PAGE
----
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Certainly if a goat is losing weight due to bullying, I would hope you would do something about it. Just being hurt isn't the only thing bullies do. They may keep them from eating or being in shelter which would also be unacceptable to me. I would want all my goats to be able to eat and get out of any type of bad weather including getting out of the sun in hot weather.
 

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I have yearling wethers, horned and unhorned. Grabbing the horns for leverage usually means the fight is on. A visitor (friend of one of the grandchildren) used the horns for grab bars and got the snot beat out of him, and nice road rash from being dragged by the goat for his effort and a severe tongue lashing from me. The goat he grabbed by the horns was all stiffened, hair raised up and had focused all of his attention towards protecting himself from the intruder. I knew beyond any doubt, the goat was going to full on pound him into the ground.

Thank goodness I saw this unfortunate situation developing in time enough to intervene. This person is no longer allowed near the goats period and the grandchild has been banished from ever going into the enclosure again unless invited and accompanied by me. I saw no reason to scold the goat for the behavior considering the circumstances.

I have a lead wether that has pulled this stunt with me just a few times. I back him down with the tone of my voice, a scolding word, and if necessary threatening body language until he runs in the other direction. I don't have to strike him or put him to the ground to assert my lead position. However, if he showed this behavior towards one of the grandchildren or another person, the correction would be cranked up a few notches. There is no reason or excuse for this type of challenging display being directed towards any other person. (My goats have been taught since weanlings, rearing up and/or attempting to head butt would not be tolerated.) I would also stop allowing the children to accompany me into the enclosure if this were to ever happen.

Between the head goat and myself it has been for dominance over leadership. He has not ever made butting contact with me, just bluff and posturing. I would have difficult decisions to make if this were to ever happen. Aggression is a whole different ballgame than feeling froggy enough to attempt testing my position. Am not saying or denying this is the case with your guy because I don't know the personality or dynamics of your herd. I don't know whether pushing against a hand or contact butting was allowed when the goat was a kid. I have no knowledge how long your wether has behaved this way and if he was corrected immediately each and every time.

The struggle for dominance within the herd, pushing the lower ranked goats away from food, that is a goat thing that they will settle amongst themselves. The display against acting this way towards humans is not the same.
 

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Certainly if a goat is losing weight due to bullying, I would hope you would do something about it. Just being hurt isn't the only thing bullies do. They may keep them from eating or being in shelter which would also be unacceptable to me. I would want all my goats to be able to eat and get out of any type of bad weather including getting out of the sun in hot weather.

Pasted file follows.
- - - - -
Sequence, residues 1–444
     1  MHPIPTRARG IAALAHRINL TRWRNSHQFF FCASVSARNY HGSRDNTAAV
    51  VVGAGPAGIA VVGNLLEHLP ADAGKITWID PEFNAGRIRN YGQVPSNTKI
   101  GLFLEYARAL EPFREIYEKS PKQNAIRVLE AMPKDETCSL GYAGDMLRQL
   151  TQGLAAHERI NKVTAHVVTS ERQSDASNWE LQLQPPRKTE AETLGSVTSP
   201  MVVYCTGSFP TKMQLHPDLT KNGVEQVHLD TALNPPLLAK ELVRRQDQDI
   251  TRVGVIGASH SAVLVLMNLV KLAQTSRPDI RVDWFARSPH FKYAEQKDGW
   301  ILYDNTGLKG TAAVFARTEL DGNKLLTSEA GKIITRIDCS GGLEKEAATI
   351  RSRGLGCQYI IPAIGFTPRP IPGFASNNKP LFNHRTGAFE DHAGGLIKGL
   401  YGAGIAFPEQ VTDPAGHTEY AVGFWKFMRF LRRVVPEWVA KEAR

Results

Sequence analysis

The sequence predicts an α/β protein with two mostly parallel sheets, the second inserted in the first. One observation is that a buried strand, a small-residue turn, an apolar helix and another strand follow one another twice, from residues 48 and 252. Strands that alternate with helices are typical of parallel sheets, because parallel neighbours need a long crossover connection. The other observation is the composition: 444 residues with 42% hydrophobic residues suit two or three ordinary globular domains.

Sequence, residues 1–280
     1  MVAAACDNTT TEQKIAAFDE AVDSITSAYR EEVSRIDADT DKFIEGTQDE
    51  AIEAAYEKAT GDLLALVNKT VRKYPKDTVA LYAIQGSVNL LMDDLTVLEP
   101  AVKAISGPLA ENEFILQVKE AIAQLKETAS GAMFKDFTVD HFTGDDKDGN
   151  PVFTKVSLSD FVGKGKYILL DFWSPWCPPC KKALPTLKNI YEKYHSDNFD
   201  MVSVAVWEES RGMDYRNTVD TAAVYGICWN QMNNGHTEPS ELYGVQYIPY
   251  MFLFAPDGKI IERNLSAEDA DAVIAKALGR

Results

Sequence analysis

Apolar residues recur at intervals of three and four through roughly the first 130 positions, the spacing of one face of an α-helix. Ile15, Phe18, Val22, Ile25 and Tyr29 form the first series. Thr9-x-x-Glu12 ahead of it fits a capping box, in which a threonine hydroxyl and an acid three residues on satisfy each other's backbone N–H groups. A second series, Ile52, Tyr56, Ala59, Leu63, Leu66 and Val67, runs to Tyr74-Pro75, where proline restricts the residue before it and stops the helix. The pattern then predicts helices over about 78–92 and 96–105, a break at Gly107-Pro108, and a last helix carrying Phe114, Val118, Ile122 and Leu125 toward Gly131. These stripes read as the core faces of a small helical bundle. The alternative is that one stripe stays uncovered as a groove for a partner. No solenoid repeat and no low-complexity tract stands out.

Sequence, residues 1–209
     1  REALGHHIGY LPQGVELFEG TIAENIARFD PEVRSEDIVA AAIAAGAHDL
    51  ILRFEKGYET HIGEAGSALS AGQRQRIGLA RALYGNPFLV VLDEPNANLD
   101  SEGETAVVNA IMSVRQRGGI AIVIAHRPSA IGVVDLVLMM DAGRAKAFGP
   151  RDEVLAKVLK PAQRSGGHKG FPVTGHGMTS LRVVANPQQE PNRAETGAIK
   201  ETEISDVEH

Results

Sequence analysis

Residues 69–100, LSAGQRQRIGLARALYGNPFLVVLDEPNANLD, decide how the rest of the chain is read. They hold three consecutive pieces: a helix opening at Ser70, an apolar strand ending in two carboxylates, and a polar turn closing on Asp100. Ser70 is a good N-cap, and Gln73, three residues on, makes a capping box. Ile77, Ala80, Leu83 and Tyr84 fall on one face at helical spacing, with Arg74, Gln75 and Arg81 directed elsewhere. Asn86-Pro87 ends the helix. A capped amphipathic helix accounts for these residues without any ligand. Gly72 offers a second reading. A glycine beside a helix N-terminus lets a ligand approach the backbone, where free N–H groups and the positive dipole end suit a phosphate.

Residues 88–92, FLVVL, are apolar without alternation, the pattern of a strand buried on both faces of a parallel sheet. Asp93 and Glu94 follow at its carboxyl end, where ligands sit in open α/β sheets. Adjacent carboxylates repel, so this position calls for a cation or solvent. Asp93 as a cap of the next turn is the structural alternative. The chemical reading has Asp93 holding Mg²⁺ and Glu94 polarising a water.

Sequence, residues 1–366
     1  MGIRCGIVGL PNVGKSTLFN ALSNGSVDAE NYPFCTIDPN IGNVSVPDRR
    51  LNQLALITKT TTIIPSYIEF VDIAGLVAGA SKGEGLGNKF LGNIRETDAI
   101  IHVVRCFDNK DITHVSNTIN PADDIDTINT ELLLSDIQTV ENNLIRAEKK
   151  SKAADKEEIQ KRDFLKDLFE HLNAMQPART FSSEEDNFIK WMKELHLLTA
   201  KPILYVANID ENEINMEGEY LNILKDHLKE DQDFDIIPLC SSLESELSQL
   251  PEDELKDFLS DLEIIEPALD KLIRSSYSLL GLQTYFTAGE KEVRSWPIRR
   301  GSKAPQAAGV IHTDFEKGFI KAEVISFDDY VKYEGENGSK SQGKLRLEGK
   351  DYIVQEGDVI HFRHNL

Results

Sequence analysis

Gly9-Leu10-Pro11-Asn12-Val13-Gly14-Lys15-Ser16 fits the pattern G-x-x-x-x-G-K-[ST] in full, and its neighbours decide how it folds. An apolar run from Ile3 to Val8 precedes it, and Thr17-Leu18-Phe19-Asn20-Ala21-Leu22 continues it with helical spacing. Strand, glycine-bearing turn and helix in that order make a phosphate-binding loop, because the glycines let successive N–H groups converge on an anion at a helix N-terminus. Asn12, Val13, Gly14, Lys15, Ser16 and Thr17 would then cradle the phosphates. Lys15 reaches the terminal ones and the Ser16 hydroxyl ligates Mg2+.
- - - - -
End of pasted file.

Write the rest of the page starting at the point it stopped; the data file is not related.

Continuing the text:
:nod::up:
 

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Discussion Starter · #12 ·
I get it that you want to try to fix him, and understand. Just know what a little head pushing is just the start and rearing up is a troublesome sign. Just take caution.
here is a link to help you

http://goat-link.com/content/view/160/183/#.XYJ8OZNKg1g
Thanks for the kink. I'm not sure if Lola has the weight to hold him down, but following the directions in that link, I figure I can get him down and sit on him and Lo can do the head holding and calming him down.

Please not, that while I adore this boy, I am under no delusion of who comes first in my family and I do not intend to let this get to a point where anyone, child or adult gets hurt. And I LOVE goat meat, lol. But I do think that we have quite a few tricks we can try before we need to consider that route.
 

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Any luck improving his behavior around people?

It's unlikely to be a "teenage phase" and more likely to progress to more serious challenges as he continues to mature through age 3.

As for with the other goats: he's not rebelling against his dam's ranking as herd queen against the other goats, he is taking advantage of his position as the queen's kid! The queen position is often handed down linearly (if herd management/buying/selling allow) and so the 2nd in line position is coveted and aggressively protected.
 

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Discussion Starter · #15 ·
Actually we have had quite a bit of success!!

I watched him closely for a few days while Lola was in the pen or on a goat walk. He traded up against Lo a few times and we flipped him and sat on him until he calmed down. I did the brawn part and used my weight to hold him down, but Lola was the person to talk to him and calm him down. My partner has also been holding his head down until he submits when he butt them.

Well the other day we took the herd for a walk and they all got silly and jumpy. Gobbler started running about and ran straight toward us, head down as if he was going to butt or rear at Lola. And then, about 5feet from us he seemed to remember. He stopped and walked the rest of the way towards us and nuzzled us and licked Lola’s hand and then skipped off to head butt Nibbler.

He did this a few times and I swear, that action was so specific and intentional that I think he was telling us he got the message and was not going to push Lola around anymore. And he hasn’t since. Even when Lola is alone in the pen. But he does come up to them for a lot of scratches.
 

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Sounds like you have made great progress. I would never trust this goat around children or strangers though. Some goats you can more than others, and since he's shown this behavior of wanting to be the big man on campus I would say never trust him alone with children or elderly. And never turn your back on him. I'd have eaten him. haha He's a lucky boy.